In the 1985 Rock Hudson, a leading Hollywood actor, became the first major hollywood celebrity to die of AIDS-related complications.
While his career developed in 1950’s Hollywood, Rock Hudson and his agent Henry Willson kept the actor’s personal life out of the headlines. In 1955, Confidential magazine threatened to publish an exposé about Hudson’s secret homosexual life. Willson stalled the article by disclosing information about two of his other clients. Willson provided information about Rory Calhoun‘s years in prison and the arrest of Tab Hunter at a gay party in 1950. According to some colleagues, Hudson’s homosexual life was well known in Hollywood throughout his career, and former co-stars Elizabeth Taylor and Susan Saint James claimed that they knew of his homosexuality, as did Carol Burnett.
Soon after the Confidential incident, Hudson married Willson’s secretary Phyllis Gates. Gates filed for divorce after three years in April 1958, citing mental cruelty. Hudson did not contest the divorce and Gates received alimony of $250 a week for 10 years. Gates never remarried.
An urban legend states that Hudson “married” Jim Nabors in the early 1970s. Not only was same-sex marriage not recognized under the laws of any American state at the time, but, at least publicly, Hudson and Nabors were nothing more than friends. According to Hudson, the legend originated with a group of “middle-aged homosexuals who live in Huntington Beach” sent out joke invitations for their annual get-together. One year the group invited its members to witness “the marriage of Rock Hudson and Jim Nabors”, at which Hudson would take the surname of Nabors’ most famous character, Gomer Pyle, becoming Rock Pyle.
The “joke” was evidently already in the mainstream by the very early 1970s. In the October 1972 edition of MAD magazine (issue no. 154), an article entitled “When Watching Television, You Can be Sure of Seeing…”, gossip columnist ‘Rona Boring” (a take on then gossip columnist Rona Barrett) states: “And there isn’t a grain of truth to the vicious rumor that movie and TV star Rock Heman and singer Jim Nelly were secretly married! Rock and Jim are just good buddies! I repeat, they are not married! They are not even going steady!” Those who failed to get the joke spread the rumor and as a result, Hudson and Nabors never spoke to each other again.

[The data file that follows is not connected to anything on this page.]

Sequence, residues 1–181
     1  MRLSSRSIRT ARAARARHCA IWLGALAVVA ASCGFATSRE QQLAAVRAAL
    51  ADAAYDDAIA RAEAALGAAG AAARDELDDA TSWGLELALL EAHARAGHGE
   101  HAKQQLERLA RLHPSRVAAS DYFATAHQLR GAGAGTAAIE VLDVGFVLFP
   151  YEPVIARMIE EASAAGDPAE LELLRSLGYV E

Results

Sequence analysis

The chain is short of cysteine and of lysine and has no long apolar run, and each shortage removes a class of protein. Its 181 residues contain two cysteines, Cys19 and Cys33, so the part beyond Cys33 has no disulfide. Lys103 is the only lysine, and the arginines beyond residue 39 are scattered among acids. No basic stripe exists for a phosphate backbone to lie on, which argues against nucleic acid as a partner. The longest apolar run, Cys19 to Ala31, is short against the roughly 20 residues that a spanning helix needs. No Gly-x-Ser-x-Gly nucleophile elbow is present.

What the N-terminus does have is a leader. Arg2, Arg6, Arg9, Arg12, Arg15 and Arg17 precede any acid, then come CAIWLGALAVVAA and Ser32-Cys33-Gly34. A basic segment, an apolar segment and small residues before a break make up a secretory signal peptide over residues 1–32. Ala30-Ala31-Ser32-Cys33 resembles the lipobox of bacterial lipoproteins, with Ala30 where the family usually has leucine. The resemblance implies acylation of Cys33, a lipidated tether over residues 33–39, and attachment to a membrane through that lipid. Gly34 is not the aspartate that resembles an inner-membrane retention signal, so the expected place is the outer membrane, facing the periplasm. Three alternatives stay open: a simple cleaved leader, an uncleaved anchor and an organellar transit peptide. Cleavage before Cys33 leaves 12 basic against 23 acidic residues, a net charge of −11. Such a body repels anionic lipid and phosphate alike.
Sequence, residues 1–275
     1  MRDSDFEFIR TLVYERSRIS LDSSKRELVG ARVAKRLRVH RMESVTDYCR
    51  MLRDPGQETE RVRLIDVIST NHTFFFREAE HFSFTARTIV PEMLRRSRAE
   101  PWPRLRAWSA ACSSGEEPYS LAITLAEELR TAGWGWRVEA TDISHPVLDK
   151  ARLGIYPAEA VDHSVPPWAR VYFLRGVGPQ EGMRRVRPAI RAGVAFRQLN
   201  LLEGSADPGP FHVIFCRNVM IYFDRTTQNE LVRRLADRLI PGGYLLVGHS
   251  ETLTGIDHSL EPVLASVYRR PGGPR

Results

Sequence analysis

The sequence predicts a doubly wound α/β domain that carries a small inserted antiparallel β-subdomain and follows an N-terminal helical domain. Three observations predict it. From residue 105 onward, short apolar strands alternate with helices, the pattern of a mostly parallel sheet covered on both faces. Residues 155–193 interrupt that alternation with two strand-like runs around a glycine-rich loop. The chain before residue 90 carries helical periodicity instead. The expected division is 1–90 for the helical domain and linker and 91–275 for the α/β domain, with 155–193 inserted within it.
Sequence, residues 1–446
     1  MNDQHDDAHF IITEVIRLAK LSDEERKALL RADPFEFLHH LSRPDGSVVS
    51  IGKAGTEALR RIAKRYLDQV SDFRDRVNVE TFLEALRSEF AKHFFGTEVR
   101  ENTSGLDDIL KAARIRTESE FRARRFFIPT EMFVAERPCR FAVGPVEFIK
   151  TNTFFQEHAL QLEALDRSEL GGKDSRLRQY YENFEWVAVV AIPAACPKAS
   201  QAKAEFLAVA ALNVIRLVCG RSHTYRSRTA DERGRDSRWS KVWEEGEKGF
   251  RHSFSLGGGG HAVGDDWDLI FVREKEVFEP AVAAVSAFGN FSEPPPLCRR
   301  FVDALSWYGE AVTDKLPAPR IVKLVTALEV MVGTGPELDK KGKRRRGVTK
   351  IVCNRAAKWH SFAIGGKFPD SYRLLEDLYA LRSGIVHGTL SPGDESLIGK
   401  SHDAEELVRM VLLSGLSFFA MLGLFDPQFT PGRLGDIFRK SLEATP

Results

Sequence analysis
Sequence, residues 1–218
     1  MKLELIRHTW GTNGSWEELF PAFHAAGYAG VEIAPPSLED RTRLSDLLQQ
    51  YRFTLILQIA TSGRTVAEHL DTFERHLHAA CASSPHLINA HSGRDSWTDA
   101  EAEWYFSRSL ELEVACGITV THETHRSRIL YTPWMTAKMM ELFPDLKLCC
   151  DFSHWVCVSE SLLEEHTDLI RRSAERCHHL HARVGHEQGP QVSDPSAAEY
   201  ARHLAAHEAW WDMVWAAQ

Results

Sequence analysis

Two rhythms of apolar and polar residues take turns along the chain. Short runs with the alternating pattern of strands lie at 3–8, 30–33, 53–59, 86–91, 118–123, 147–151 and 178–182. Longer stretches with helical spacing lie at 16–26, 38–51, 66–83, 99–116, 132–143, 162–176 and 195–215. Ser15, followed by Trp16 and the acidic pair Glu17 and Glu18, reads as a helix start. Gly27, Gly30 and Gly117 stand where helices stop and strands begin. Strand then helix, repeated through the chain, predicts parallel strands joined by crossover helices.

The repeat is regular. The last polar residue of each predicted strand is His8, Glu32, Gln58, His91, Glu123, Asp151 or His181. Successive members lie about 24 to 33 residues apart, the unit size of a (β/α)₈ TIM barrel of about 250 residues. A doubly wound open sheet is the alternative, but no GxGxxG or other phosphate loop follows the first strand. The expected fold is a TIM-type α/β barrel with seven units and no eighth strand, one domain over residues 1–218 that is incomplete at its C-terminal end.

Shortly after Hudson’s press release disclosing his illness, William M. Hoffman, the author of As Is, a play about AIDS that appeared on Broadway in 1985, stated: “If Rock Hudson can have it, nice people can have it. It’s just a disease, not a moral affliction.”
At the same time, Joan Rivers was quoted as saying: “Two years ago, when I hosted a benefit for AIDS, I couldn’t get one major star to turn out. … Rock’s admission is a horrendous way to bring AIDS to the attention of the American public, but by doing so, Rock, in his life, has helped millions in the process. What Rock has done takes true courage. Morgan Fairchild said that “Rock Hudson’s death gave AIDS a face. In a telegram Hudson sent to a September 1985 Hollywood AIDS benefit, Commitment to Life, which he was too ill to attend in person, Hudson said: “I am not happy that I am sick. I am not happy that I have AIDS. But if that is helping others, I can at least know that my own misfortune has had some positive worth.”
Hudson, a friend of Ronald Reagan and his wife Nancy, made a simple plea to the White House for help to get him transferred to a hospital in France in his greatest hour of need.
“Only one hospital in the world can offer necessary medical treatment to save life of Rock Hudson or at least alleviate his illness,” Dale Olson, Hudson’s longtime friend and publicist wrote. Although the commanding officer had denied Hudson admission to the French military hospital initially, Olson wrote that they believed “a request from the White House … would change his mind.”
First Lady Nancy Reagan denied Hudson’s the request.
On the morning of October 2, 1985, Hudson died in his sleep from AIDS-related complications at his home in Beverly Hills at age 59, less than two months before what would have been his 60th birthday. Hudson requested that no funeral be held. His body was cremated hours after his death and a cenotaph was later established at Forest Lawn Cemetery in Cathedral City, California.
Hudson’s revelation had an immediate impact on the visibility of AIDS, and on the funding of medical research related to the disease. Among activists who were seeking to de-stigmatize AIDS and its victims, Hudson’s revelation of his own infection with the disease was viewed as an event that could transform the public’s perception of AIDS.
Rest in Peace Rock.